One option is leaving the waste in place. Another is to excavate it, line the pit, and throw the waste back into it. Another is to begin a reverse-osmosis
system to treat the shallow groundwater, while fending off more of the dump.
Nothing has been decided for the long-term.
Congressional pressure to act is coming from a U.S. House committee on government oversight, which has asked federal agencies to come up with a plan to
remediate uranium mines and tailings piles on the Navajo Nation.
If the cost of taking all waste out of the Tuba City dump were estimated at $1 million, for example, instead of $12 million to $38 million projected, it
would have been cleaned up already, said John Krause, of the Bureau of Indian Affairs.
The U.S. Geological Survey and a consultant working for the Bureau of Indian Affairs argued the health risks of the landfill.
A U.S. Geological Survey employee said that a layer of mud, which may or may not have holes in it, could protect the Upper Village's deep drinking water
from uranium contamination.
But none of the agencies would promise the tribe that its drinking water would be safe from landfill-related pollution in years to come.
A consultant for the Bureau of Indian Affairs said the landfill was only one source of contamination.
COVERED, BUT NOT CLEANED UP
Michael Elmer worked at the uranium mill near Tuba City, Rare Metals, that is believed to be responsible for the waste in the dump.
The Rare Metals mill is now a contaminated site, perpetually in cleanup by the Department of Energy.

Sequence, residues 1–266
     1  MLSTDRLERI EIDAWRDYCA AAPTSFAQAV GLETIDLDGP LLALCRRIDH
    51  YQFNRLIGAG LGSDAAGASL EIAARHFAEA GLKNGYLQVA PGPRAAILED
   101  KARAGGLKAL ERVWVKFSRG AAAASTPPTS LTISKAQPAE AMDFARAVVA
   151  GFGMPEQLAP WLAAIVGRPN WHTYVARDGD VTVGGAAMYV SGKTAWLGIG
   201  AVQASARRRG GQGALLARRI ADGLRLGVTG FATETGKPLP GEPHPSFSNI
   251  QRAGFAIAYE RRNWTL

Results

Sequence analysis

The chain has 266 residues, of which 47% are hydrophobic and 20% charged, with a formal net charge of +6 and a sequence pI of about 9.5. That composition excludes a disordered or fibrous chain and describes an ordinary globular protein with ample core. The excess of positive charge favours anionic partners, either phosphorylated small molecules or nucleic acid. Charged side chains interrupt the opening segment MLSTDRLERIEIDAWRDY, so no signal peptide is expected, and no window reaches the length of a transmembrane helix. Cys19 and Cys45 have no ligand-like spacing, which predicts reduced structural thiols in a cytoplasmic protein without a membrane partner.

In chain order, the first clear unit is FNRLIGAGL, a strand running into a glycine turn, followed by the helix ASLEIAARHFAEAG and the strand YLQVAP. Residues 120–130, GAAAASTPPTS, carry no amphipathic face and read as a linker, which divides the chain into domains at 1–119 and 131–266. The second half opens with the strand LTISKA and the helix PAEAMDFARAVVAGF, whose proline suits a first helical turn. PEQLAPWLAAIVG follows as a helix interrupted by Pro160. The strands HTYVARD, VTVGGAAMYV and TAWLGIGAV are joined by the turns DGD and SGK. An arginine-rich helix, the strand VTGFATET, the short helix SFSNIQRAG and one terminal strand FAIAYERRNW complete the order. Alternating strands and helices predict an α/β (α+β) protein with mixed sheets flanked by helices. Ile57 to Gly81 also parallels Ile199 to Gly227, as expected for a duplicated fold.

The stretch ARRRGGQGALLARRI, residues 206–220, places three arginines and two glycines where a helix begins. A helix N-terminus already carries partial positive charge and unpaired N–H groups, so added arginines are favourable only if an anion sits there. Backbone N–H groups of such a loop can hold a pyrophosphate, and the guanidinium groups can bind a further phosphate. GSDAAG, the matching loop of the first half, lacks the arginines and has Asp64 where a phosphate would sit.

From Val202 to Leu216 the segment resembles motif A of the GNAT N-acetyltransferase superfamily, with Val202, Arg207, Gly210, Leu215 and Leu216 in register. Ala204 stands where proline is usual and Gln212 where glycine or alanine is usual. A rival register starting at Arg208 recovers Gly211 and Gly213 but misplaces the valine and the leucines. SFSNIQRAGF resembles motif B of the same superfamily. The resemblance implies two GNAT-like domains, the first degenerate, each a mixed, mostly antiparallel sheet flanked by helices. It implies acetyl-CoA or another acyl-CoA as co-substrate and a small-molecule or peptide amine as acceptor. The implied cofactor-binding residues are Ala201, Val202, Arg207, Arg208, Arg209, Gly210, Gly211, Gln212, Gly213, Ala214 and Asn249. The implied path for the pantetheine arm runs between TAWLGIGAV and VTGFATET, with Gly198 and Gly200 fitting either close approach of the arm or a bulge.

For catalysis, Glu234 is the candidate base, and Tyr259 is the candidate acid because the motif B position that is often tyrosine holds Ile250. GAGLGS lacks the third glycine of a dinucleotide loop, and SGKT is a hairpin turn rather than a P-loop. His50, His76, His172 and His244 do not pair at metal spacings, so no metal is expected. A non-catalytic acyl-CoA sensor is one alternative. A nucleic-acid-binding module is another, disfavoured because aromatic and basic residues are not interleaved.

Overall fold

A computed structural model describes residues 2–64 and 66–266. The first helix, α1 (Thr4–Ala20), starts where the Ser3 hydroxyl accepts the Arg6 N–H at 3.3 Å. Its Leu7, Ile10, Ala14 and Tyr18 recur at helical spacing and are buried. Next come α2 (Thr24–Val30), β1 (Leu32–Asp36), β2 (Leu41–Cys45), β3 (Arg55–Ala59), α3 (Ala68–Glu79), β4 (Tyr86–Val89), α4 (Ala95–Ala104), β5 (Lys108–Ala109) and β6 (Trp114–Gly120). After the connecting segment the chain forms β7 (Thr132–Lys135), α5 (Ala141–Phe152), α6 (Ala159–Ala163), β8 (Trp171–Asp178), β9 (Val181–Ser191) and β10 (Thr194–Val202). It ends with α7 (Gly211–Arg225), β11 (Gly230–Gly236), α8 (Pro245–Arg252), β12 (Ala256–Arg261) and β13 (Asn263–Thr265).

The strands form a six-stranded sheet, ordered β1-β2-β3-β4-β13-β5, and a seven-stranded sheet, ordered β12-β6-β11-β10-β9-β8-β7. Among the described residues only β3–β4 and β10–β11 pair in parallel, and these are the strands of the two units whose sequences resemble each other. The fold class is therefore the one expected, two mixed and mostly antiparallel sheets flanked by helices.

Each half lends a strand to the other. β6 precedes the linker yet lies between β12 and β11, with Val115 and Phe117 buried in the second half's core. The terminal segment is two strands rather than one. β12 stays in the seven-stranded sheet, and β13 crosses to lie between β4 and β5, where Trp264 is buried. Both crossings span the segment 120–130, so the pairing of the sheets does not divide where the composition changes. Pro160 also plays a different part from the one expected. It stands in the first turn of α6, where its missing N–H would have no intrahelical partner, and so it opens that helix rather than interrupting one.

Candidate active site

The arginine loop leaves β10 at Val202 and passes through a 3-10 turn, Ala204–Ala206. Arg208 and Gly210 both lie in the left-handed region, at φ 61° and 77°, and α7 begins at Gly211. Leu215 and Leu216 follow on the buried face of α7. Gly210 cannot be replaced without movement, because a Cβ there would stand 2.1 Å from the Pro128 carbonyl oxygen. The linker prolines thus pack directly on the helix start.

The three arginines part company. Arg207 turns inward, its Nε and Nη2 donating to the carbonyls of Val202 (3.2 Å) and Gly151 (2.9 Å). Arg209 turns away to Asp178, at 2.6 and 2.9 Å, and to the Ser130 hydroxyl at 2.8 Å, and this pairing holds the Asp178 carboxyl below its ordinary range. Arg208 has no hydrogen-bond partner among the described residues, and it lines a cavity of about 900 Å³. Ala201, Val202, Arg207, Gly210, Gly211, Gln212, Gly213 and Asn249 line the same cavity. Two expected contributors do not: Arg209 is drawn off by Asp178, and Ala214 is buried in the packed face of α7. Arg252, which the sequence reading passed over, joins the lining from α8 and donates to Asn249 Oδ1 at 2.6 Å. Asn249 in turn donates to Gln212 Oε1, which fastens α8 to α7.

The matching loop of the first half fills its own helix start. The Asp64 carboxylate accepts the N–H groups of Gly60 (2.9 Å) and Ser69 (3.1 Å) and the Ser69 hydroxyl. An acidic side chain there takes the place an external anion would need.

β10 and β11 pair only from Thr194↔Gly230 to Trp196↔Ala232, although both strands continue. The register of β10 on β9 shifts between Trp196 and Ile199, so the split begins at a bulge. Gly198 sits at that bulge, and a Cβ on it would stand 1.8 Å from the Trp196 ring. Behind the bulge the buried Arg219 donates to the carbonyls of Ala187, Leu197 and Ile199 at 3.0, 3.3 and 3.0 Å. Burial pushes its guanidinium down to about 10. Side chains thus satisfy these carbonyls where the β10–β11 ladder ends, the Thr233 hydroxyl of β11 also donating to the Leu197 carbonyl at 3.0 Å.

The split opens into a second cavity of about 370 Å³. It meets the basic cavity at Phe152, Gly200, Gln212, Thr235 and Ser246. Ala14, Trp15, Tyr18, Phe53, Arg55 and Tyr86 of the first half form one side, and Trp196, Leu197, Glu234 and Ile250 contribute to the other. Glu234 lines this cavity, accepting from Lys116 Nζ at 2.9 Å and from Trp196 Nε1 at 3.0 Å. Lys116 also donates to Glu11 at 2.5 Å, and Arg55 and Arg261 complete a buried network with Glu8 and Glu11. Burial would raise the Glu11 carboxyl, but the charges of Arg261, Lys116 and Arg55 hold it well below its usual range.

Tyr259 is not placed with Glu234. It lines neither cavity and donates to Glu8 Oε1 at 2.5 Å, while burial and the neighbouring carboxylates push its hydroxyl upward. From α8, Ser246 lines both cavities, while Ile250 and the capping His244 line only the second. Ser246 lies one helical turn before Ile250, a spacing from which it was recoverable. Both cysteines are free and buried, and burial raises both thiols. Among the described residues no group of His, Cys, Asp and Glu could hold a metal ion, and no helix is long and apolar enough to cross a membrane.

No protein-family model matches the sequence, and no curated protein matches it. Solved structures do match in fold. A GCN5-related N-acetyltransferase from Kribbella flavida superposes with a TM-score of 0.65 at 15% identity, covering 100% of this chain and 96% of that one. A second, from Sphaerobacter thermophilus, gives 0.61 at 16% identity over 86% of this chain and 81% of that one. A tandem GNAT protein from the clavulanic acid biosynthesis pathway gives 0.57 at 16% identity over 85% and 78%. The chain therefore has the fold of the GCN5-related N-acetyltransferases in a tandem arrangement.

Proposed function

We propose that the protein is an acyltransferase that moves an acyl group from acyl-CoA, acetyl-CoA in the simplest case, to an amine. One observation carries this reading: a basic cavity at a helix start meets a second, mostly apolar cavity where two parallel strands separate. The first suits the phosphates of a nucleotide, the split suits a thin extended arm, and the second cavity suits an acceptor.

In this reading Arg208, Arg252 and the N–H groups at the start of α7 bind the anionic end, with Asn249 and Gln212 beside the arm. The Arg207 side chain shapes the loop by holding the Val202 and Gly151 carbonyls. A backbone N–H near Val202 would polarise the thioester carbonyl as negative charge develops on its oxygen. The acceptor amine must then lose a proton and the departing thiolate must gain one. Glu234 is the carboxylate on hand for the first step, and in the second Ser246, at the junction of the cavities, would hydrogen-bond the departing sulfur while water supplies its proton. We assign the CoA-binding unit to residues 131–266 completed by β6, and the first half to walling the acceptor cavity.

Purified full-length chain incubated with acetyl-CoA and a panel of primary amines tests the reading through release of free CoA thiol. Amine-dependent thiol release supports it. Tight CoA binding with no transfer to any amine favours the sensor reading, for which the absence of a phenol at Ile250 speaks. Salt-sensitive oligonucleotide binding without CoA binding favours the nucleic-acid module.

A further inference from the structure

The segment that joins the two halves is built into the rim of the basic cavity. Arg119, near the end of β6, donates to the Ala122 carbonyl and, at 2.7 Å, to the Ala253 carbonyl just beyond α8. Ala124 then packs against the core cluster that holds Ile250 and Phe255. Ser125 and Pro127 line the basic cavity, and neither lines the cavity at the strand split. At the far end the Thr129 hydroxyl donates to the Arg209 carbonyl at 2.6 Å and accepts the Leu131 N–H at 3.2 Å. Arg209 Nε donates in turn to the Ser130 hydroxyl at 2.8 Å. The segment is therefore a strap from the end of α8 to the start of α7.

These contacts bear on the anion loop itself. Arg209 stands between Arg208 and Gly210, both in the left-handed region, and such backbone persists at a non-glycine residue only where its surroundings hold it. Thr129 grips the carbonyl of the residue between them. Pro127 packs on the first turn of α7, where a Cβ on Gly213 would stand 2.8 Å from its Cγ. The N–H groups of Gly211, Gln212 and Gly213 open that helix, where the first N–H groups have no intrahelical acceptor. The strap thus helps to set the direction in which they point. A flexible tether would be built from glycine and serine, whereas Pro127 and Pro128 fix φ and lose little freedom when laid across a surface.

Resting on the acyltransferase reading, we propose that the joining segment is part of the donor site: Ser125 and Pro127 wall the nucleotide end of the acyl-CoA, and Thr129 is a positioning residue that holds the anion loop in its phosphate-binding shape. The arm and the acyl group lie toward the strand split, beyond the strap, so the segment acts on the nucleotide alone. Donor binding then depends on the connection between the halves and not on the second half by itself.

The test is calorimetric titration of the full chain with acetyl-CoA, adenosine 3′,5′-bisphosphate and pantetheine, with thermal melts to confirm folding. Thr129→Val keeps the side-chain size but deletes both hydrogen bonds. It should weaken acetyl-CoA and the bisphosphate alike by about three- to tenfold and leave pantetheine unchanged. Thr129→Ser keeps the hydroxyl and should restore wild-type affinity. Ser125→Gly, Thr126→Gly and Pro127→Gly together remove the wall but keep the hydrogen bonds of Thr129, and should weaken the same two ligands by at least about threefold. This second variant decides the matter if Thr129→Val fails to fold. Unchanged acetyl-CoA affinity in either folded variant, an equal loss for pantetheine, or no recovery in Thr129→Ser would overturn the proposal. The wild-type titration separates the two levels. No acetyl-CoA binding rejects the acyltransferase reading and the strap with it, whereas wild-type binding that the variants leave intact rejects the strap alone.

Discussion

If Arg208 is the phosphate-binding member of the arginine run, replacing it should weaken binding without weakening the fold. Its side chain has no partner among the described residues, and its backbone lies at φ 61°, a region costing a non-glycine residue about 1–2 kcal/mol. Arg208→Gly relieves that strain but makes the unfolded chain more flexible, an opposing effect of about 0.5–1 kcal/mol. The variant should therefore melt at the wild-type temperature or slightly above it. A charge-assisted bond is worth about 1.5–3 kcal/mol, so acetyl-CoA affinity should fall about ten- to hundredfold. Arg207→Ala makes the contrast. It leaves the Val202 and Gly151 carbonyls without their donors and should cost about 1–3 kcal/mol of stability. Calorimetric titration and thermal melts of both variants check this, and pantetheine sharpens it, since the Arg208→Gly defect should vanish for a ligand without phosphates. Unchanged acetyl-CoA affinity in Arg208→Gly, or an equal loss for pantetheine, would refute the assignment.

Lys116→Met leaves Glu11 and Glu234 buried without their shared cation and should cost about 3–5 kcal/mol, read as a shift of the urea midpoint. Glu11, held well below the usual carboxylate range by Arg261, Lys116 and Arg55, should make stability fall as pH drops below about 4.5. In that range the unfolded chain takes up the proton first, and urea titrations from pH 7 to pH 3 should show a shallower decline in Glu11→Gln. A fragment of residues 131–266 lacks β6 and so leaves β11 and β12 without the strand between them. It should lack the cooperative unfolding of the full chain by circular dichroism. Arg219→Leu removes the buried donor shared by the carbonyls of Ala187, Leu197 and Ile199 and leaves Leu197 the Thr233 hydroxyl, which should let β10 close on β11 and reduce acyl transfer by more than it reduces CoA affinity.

It's believed that items near the mill, including tailings, were also salvaged and used for home construction and rock driveways. That hasn't been confirmed.
While working at the mill, Elmer asked if he could go out and measure radiation at nearby Moenkopi Wash. The whole area was hot, he said.
"We didn't clean it up. We covered it up," he said. "And I'm afraid we're going to do the same thing here. We can't afford that."
Landfill dispute: A brief history
The Bureau of Indian Affairs opened the unlined Tuba City dump a mile east of town and used it for more than four decades before covering it with sand
and dirt in 1997.
In addition to other trash, the dump holds uranium waste that is 10 times more concentrated than what the U.S. Environmental Protection Agency considers
safe for drinking water.
The Navajo and Hopi tribes have asked various federal agencies to remove the waste for the past decade without any success.
The radioactive waste in the landfill is very similar to waste left over at a uranium mill a few miles away, according to chemical analysis from the U.S.
Other federal agencies, including the EPA, have disputed this relationship, saying the radioactive waste could have been blown in by the wind or come from
From 1956 to 1966, a uranium mill a few miles from the dump processed 796,489 tons of uranium ore from the Orphan Mine at the South Rim of the Grand Canyon
and from a mine near Cameron.
The Department of Energy is responsible for decontamination at the uranium mill site, where water pollution is documented.
The Department of Energy has sent letters to the tribes stating that there is no proof the landfill was contaminated with radioactive waste from the uranium
Neighbors living near the dump have told the Navajo Nation Environmental Protection Agency that they saw trucks from the mill dumping waste into the Tuba